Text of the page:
My challenge was to cram all those years of English instruction into one semester. Very quickly, December arrived and grades came due. The class was pass/fail. A stark choice. What was I to do about the athlete on scholarship, for whom a failing grade would mean disqualification? Could I give a pass to the author of the essay above, who I was certain would fail the placement exam again but who had worked hard and made considerable progress during the semester? I realized that I was standing at a brink where many of these students' teachers must have stood before.

When President Clinton called for an end to social promotion in last year's State of the Union address, the federal government, school boards and state governments began looking more closely at an issue that has been the focus of research for several years. In a 1996 national survey conducted by Peter D. Hart Research Associates, more than half of the high school teachers questioned said they had promoted unprepared students in the past year, with most teachers adding that they did not think there were better alternatives. In the same survey, 60 percent of teachers said they felt pressure from principals or other administrators to pass students, and 52 percent felt parental pressure. "In the short term," wrote Jerry Jesness, a Texas special education teacher, in the journal Reason, "floating standards make everybody a winner. Students build self-esteem, parents gain peace of mind, and schools save money."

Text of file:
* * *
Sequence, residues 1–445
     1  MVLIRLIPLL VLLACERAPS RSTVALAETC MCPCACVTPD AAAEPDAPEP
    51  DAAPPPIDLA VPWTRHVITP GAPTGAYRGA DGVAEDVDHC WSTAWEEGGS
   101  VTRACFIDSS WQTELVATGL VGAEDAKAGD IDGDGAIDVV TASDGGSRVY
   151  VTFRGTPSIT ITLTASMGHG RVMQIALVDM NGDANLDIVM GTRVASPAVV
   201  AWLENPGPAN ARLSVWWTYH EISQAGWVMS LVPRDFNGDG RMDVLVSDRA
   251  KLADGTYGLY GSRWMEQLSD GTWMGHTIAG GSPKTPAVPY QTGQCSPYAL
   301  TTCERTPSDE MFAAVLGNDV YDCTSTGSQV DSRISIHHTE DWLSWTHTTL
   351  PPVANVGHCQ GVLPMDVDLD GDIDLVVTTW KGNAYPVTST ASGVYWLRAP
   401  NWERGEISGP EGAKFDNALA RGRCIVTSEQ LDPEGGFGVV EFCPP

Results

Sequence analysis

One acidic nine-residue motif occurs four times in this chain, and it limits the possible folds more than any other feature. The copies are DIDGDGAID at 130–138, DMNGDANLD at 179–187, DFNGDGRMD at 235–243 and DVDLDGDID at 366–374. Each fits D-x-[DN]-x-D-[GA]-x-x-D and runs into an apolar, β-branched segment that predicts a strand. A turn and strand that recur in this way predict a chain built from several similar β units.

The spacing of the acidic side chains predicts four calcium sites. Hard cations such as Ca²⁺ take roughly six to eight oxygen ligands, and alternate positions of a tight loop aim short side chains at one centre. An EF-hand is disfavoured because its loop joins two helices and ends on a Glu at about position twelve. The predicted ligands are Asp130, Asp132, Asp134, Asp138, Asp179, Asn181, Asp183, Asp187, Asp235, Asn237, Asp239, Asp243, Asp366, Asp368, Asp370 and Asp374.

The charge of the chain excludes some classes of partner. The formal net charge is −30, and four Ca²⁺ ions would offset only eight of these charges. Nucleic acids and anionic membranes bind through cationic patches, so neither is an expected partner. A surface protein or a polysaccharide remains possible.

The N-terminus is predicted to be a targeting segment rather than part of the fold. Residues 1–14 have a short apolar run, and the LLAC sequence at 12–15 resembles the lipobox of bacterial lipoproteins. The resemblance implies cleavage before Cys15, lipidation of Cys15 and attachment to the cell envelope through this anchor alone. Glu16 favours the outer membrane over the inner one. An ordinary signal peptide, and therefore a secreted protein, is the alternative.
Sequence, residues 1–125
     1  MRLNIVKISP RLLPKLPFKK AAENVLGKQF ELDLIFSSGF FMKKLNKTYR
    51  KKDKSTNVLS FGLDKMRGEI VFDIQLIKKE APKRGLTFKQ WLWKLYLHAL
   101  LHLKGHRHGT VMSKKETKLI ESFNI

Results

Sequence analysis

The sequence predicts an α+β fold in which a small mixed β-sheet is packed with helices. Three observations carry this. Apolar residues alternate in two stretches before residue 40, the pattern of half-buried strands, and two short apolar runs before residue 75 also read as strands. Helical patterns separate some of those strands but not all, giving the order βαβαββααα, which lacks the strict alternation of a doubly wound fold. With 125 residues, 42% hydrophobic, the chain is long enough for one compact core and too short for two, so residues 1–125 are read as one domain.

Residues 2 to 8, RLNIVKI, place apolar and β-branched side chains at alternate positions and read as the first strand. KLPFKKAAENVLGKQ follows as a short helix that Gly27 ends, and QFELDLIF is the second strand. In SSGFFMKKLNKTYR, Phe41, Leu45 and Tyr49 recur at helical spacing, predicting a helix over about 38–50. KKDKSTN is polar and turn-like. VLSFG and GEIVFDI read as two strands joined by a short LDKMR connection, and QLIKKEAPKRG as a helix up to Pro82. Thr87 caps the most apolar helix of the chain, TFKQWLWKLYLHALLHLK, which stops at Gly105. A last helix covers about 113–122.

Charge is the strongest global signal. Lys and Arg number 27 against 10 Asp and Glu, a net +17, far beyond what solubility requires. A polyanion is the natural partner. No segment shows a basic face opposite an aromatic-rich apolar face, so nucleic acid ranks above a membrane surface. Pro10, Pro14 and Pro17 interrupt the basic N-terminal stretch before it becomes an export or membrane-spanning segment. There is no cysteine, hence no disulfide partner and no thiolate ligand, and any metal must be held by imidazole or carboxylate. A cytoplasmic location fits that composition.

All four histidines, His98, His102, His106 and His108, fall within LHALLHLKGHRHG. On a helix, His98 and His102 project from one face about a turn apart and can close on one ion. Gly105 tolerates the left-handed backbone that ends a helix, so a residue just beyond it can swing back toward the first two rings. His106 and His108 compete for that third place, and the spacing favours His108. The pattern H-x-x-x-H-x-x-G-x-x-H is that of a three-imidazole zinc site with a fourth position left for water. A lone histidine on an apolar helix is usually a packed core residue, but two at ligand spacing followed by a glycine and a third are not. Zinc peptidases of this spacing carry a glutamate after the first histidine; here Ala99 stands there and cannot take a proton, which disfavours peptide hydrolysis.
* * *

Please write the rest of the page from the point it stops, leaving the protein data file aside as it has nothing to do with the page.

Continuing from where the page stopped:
My sister, a special education teacher in an elementary school in West Virginia, has also told me that she was more than happy to pass a boy last year who spent much of his time running around the classroom determined to be the sole object of her attention. All teachers, I now realize, stand to benefit from social promotion in the short-term. I was not teaching special education students, but I could see the temptation to pacify the more difficult members of my class by passing them. And wouldn't a 100-percent pass rate reflect well on me as an instructor?